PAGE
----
Personally, I will go to my grave stating that perfume – that ridiculous, expensive, aspirational, superfluous art – has made everything in my life possible.
I became a perfume blogger for one reason – to become a better writer, since that’s my bottom line in self definition. I exceeded beyond my wildest expectations.
As I evolved from those distant beginnings not even three years ago, I also joined perfume groups on Facebook, was invited to join in those online conversations, became known and accepted into that elite one percent. I observed what people were talking about and how they talked, commented on SotD posts, was pointed in several directions I’ve never known otherwise. I posted my own navel-gazing SotD posts, and sometimes, sparked conversations as I did. They were – and still are – a revelation.
While I may be a resident freakfumista and post-punk midlife misanthrope in my own all-too-real life, to find a kind of community and acceptance in the online world of social media has changed my life forever – for real. I have one real life true-blue friend in my immediate vicinity and a sister in faraway Copenhagen. That’s all, two argumentative Schrödinger cats notwithstanding.
But I also have standing invitations, true-blue and exceedingly real friendships and instant community – and another kind of family? – on three continents, thanks to Facebook, Twitter and those endlessly boring, irrelevant SotD posts.
I’ve learned details about lives and personalities I would otherwise never know from finding out what people choose to waft, wear and adore. I’ve shared in their lives, their loves, their woes and their joys, celebrated their successes and cheered them up when they were down. I’ve met people, found readers, I’ve connected, I’ve had long, involved Skype conversations. I’ve fallen in love and certainly laughter with not a few of them in a way that feels less like fake, superficial acquaintances and more like family in the best sense of the word, and to a writer in BFE nowhere who has not much at all, that has meant and still means more than you know.
So those silly, volatile, vociferous Facebook groups and Twitter conversations – the endless revolving virtual happy hour across time zones of SotDs and discussion and dissent, where fellow freakfumistas just like me argue, laugh, post bad jokes and share ourselves, our lives and our preoccupations are far more important than they appear on the surface. For one thing, it’s nice to know you’re not alone in your obsession and have a place to share it.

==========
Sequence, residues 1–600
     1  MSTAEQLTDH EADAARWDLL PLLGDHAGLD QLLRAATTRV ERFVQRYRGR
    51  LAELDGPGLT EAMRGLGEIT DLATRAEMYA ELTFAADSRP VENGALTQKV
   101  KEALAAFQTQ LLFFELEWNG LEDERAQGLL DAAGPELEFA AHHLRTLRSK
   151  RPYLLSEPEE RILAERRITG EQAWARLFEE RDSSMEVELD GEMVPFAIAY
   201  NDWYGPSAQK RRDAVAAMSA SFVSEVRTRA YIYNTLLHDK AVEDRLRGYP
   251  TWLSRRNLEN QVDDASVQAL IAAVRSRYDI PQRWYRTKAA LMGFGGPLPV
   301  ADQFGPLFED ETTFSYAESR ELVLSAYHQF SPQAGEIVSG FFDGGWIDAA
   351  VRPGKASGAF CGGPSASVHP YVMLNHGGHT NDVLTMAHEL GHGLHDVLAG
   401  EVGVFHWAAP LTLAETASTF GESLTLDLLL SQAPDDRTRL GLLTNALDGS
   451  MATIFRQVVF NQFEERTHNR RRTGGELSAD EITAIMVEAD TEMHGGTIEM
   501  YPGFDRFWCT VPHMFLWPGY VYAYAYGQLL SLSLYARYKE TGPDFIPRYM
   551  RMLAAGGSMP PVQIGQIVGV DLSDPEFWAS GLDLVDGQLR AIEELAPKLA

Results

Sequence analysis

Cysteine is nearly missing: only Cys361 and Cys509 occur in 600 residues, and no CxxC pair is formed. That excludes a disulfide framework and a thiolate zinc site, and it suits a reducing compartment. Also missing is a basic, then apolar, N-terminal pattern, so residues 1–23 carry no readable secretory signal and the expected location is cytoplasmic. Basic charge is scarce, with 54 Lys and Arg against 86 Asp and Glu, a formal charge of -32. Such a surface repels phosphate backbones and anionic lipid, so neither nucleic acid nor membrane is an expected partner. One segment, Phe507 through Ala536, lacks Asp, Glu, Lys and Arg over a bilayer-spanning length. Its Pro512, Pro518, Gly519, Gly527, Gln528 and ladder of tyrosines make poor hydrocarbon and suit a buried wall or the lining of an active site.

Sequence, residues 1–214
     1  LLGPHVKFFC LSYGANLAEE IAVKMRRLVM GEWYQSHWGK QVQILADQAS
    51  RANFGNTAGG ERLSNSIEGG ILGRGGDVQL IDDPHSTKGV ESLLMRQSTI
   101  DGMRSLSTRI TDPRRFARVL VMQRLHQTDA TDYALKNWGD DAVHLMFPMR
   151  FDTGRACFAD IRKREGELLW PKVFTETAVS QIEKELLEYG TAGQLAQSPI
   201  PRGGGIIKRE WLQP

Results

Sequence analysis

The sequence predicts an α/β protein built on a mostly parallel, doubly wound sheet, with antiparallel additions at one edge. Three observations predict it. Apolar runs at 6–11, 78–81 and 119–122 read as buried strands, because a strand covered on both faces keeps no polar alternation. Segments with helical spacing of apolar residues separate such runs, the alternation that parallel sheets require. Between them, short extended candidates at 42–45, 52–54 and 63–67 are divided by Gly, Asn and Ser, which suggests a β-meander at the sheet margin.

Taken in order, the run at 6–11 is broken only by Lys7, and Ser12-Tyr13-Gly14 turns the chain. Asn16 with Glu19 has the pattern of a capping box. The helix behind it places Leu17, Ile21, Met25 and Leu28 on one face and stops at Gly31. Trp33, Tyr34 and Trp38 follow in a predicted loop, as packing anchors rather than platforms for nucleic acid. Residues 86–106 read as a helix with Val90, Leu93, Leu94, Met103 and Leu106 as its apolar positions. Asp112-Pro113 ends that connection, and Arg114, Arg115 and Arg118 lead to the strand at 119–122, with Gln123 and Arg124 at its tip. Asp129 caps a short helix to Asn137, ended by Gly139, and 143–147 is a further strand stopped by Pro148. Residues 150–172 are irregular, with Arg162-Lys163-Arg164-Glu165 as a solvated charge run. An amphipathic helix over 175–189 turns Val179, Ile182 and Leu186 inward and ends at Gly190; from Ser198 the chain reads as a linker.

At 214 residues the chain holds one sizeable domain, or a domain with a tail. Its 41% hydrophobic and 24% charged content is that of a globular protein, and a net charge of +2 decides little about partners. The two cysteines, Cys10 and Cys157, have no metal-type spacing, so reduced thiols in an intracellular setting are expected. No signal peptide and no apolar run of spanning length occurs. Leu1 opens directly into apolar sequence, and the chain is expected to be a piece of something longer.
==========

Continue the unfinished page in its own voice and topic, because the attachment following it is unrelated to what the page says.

For another, you may have far more in common with your fellow freakfumistas than just perfume, and isn’t common ground where all true friendships often begin in real life?
The Towering Ivory Soapbox
Any kind of creative expression – regardless of the medium you choose – is in itself a kind of narcissism – or solipsism. If it’s just an exercise in preventing your head from exploding, you might choose to stick with the decidedly old-school method of a pen and a notebook. Alas and alack, so very many of us don’t stop there. We begin to believe our own brand of blarney. We begin to think we have an opinion and what-the-hey, why not commit that ultimate exercise in vanity…put it out there?
Publish a blog post, put the link up on Facebook and elsewhere, tweet it and tell the world, tell the world that you exist?
It’s a free world, we have freedom of speech and freedom of opinion, and the online world has plenty of room enough for everyone. Say whatever you please. Stand by what you say.
So long as you’re aware that nothing – not even in the blogosphere – exists in a vacuum, and whatever you do say can and often does find a level – or an audience. You may get a reaction to your words and your opinions, if not always the reaction you would choose. But blogging is itself a social medium, and by choosing to blog, you are also opening yourself up to criticism, dissent and discussion. How you decide to deal with it says very much about the courage of your convictions and very much more about your social media credibility.
I think it’s a crying shame that particular blogger deleted the post – as if he didn’t get the reaction he was hoping for, so he then chose to erase it. I would have respected it very much more if he hadn’t, and had the determination to stand by what he wrote.
Dissent, discussion and even the occasional satire is a many-splendored thing. All too often though, it backfires on the writer. Not because of the mode of expression he chose, but because the writer didn’t have the necessary writing skills to make his intentions crystal clear – or perhaps the motivation or resolve to explain them properly, and if that’s true, then he might have chosen a better angle for a better reception.
Yet, there it is. We live in a social world. We redefine ourselves within that context every single day of our lives, with LOLcats, memes, links, tweets and status updates and SotDs.
Some of us haul out the virtual soapbox and preach to an unseen choir, but in a social world, it isn’t up to us to decide what happens once we do, or even if we might topple from our ivory soapbox towers.
Only that our SotSolipsism might have consequences we could never have foreseen.
Image: via The Globe And Mail